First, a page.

Visual art exhibitions and events with a platform for critical writing
Forest of Dean, Gloucestershire
Reviewed by: Louise Short »
After twenty years of artwork being presented in the forest, Reveal shows how temporary new commissions in light and sound can operate in this context.
We had about three hours to view eight artworks over a mile of woodland paths. The glowing diaphanous fog spewing from Hells vents in Katayoun Pasban Dowlatshahis new commission was sublime. Reminiscent of Mariele Neudecker and Olafur Eliason, this work however did not benefit from the soundtrack of something either dripping (or smouldering?). Nathaniel Rackowes scanning elevators amongst the fir trees might have been playthings for adolescent squirrels to ride on in the dead of night.
I was intrigued to see so many trees illuminated by small lamps, since most were covered with lichens (some quite rare). Lichens are sensitive organisms: they enjoy a quiet life, slowly and symbiotically spreading themselves, sensitive to the air pollution we produce in our pursuit of progress. On closer inspection these lights, which were strapped to the trees, were miners lamps the rechargeable state of the art type, not candle or tallow. I thought about the disconnectedness we have to our relationship to nature. But then I was reminded of the history of the forest, riddled with coalmines that provided fuel for the Industrial Revolution, and later underground armament stores during WW2. It was sulphur dioxide from coal burning that produced acid rain which threatened these lichens. Laura Dalys work also required audio alertness to the sounds of miners hacking away at the coalface beneath if you happened to be under the right tree.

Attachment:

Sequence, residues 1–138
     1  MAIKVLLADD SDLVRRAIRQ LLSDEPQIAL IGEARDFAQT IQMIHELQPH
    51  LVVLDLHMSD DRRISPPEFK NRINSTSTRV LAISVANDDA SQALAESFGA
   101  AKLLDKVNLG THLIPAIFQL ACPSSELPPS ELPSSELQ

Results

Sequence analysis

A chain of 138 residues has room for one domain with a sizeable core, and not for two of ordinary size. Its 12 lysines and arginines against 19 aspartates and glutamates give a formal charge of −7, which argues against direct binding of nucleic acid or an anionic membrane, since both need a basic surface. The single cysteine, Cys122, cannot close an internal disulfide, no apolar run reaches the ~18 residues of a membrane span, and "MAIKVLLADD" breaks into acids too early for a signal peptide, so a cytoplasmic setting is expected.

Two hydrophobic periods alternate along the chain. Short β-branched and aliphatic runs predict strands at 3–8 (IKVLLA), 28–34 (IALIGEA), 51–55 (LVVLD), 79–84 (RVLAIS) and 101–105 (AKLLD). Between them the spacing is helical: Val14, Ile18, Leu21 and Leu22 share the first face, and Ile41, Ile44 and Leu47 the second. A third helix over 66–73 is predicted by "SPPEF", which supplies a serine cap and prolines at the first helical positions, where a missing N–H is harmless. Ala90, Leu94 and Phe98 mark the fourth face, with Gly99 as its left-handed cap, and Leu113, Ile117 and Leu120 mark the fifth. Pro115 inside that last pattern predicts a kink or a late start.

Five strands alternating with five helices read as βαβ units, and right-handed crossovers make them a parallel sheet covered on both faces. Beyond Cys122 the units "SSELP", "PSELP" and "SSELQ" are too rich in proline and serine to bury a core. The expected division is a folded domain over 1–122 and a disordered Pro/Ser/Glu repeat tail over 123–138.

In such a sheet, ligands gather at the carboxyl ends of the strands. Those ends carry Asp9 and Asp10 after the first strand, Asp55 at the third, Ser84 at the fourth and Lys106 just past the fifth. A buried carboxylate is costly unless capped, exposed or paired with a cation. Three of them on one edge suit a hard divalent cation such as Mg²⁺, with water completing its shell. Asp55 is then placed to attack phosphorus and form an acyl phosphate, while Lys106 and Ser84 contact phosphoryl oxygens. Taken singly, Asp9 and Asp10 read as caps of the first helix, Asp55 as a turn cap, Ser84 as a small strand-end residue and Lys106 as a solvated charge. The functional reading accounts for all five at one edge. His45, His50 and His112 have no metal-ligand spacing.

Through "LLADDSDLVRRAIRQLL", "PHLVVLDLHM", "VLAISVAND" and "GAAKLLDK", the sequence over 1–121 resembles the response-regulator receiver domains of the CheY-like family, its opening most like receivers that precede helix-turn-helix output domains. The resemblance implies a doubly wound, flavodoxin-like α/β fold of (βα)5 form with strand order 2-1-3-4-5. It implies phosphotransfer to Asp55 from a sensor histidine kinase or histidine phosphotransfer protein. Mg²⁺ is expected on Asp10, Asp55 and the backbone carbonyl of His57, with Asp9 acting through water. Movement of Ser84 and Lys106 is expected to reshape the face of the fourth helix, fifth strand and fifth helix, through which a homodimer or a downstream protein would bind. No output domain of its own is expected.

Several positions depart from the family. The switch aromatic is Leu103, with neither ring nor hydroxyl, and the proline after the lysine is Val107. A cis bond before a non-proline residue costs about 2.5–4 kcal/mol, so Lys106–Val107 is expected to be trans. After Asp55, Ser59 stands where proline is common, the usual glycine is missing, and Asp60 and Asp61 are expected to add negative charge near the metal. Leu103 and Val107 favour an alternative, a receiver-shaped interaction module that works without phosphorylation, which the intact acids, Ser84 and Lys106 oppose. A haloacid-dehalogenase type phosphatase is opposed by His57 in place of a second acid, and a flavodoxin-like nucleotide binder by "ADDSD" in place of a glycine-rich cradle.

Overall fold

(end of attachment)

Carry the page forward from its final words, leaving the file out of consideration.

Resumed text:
Early season moths were sometimes caught fluttering in the beams of the projectors; however this was not part of the artwork. I moved on, the cordoned path and stewards ensuring I stuck to the task in hand. The frenetic trampling of hundreds of chattering people with torches, glow sticks, walkie-talkies, and a range of luminous coats was intrusive.
Tabatha Andrews dilating black hole projected onto a row of evergreens, was a perfectly sited crescendo, which disrupted ones own sense of three dimensionality after having been so tuned in to the depth of the forest by the other works. It recalls the Hegelian notion that pure light and pure darkness are two voids which are the same thing1. In a curious sort of way, it reminded me of Magdalana Jetelovás Chair a ghostly giant chair made of tree trunks, created some years ago, was such a powerful object to encounter at night, on the crest of the hill, illuminated only by the moon with a half penumbra it has haunted me ever since. The hooting of the owls and various unidentifiable animal squawks made the moment as only the wild side can do.
Regrettably, despite being grateful for the lift, we arrived by car and left by car.
1The Science of Logic, translated by Miller (London 1969).
Forest of Dean Sculpture Trust »
Bank House, Bank Street, COLEFORD GL16 8BA
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